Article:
Thomas immediately realised the great potential of the bracelet, a perfect candidate to attract a younger clientele, a generation with completely new values and lifestyles, in line with modernity and the social and cultural changes taking place. He therefore decided to invest in the young designer, paving the way for a successful collaboration (Cipullo created other pieces of jewellery for Cartier, including the Juste un clou bracelet, in the shape of a twisted nail), which consecrated him as the undisputed protagonist of a radical change .

Significantly, in the same year in which Cartier made history by selling a diamond worth $1.1 million to Richard Burton for his beloved Elizabeth Taylor, the Love bracelet was also launched, whose value, at the time, did not exceed $250 (the first version was in gold-plated silver), about $1,800 today.

The winning choice ofinfluencer marketing

The bracelet was officially launched in 1969 and its success was immediate. The decision to promote the bracelet, giving it to 25 of the most famous and talked-about couples of the time, proved to be a winning strategy, a forerunner ofinfluencer marketing, exploding the public’s desire for it and giving rise to its popularity, so much so that it was considered on a par with an engagement ring as a pledge of love.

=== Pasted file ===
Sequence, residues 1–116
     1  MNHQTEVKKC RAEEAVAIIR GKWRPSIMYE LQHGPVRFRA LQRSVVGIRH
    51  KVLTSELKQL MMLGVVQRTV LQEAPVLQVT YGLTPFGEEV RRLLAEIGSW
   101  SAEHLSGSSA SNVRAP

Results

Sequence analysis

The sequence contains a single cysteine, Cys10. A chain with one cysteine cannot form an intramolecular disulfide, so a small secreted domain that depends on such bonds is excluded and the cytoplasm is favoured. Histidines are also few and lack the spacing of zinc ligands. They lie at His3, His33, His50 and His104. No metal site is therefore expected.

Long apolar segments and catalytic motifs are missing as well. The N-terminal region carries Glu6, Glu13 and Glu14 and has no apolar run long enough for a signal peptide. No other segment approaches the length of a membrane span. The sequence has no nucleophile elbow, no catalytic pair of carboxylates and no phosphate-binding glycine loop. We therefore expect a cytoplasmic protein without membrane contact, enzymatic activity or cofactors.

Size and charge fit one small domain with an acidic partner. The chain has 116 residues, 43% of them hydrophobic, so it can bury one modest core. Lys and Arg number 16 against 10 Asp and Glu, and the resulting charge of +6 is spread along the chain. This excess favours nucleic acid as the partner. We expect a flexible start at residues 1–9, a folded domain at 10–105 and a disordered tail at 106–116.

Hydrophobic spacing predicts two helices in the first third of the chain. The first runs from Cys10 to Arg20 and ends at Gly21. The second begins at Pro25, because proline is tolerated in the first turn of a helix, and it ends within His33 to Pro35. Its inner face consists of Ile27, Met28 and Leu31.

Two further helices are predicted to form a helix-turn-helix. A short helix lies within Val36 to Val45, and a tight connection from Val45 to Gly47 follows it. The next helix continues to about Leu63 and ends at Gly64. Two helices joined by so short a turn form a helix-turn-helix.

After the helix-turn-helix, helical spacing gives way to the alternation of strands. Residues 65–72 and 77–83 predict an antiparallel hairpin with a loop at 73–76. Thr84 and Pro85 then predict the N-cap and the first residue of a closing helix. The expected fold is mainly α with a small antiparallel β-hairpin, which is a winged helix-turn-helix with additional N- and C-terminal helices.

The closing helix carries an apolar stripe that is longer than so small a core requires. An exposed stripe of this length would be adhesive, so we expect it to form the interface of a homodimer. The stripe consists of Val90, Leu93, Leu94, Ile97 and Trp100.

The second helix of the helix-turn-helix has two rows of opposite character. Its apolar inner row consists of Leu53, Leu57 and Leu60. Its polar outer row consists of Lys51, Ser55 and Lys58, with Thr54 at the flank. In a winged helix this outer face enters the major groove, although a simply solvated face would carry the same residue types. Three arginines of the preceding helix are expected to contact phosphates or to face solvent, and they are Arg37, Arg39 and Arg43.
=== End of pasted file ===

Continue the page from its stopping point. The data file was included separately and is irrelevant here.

A pledge of love reinvented in a modern key

It is said that the idea was born on impulse, overnight, following a disappointment in love. Cipullo felt the need to preserve the memories that were all that remained to him, to create something that would remain forever, anchored physically in the body, but also intimately in the memory, indissolubly binding the loved one to himself (someone called it a ‘modern love handcuff’).

Behind its apparently functional and minimalist appearance one can therefore read something deeper and more symbolic. In order to express this feeling to be cherished, he thought of a way to manifest it materially, in an emotional and provocative way, and translate it into a ritual. Cipullo thus succeeded in recalibrating the perception of preciousness and reinventing the ancient token of love in a modern key.

Sketches of Cartier’s Love bracelet; ©A-Parisi-Flickr-CC-BY-NC-ND-2.0.

Simple shape and a screwdriver to seal love